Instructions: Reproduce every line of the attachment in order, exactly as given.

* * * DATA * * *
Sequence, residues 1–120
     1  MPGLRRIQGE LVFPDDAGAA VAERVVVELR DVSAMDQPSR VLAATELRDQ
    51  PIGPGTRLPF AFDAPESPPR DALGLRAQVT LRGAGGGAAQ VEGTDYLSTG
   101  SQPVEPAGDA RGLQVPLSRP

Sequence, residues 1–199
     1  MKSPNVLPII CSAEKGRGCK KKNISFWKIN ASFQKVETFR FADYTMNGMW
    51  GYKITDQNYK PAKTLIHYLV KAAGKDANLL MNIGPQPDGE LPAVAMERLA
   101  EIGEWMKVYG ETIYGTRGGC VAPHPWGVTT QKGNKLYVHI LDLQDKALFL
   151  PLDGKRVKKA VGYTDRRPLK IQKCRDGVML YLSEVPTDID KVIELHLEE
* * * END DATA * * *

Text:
Sequence, residues 1–120
     1  MPGLRRIQGE LVFPDDAGAA VAERVVVELR DVSAMDQPSR VLAATELRDQ
    51  PIGPGTRLPF AFDAPESPPR DALGLRAQVT LRGAGGGAAQ VEGTDYLSTG
   101  SQPVEPAGDA RGLQVPLSRP

Sequence, residues 1–199
     1  MKSPNVLPII CSAEKGRGCK KKNISFWKIN ASFQKVETFR FADYTMNGMW
    51  GYKITDQNYK PAKTLIHYLV KAAGKDANLL MNIGPQPDGE LPAVAMERLA
   101  EIGEWMKVYG ETIYGTRGGC VAPHPWGVTT QKGNKLYVHI LDLQDKALFL
   151  PLDGKRVKKA VGYTDRRPLK IQKCRDGVML YLSEVPTDID KVIELHLEE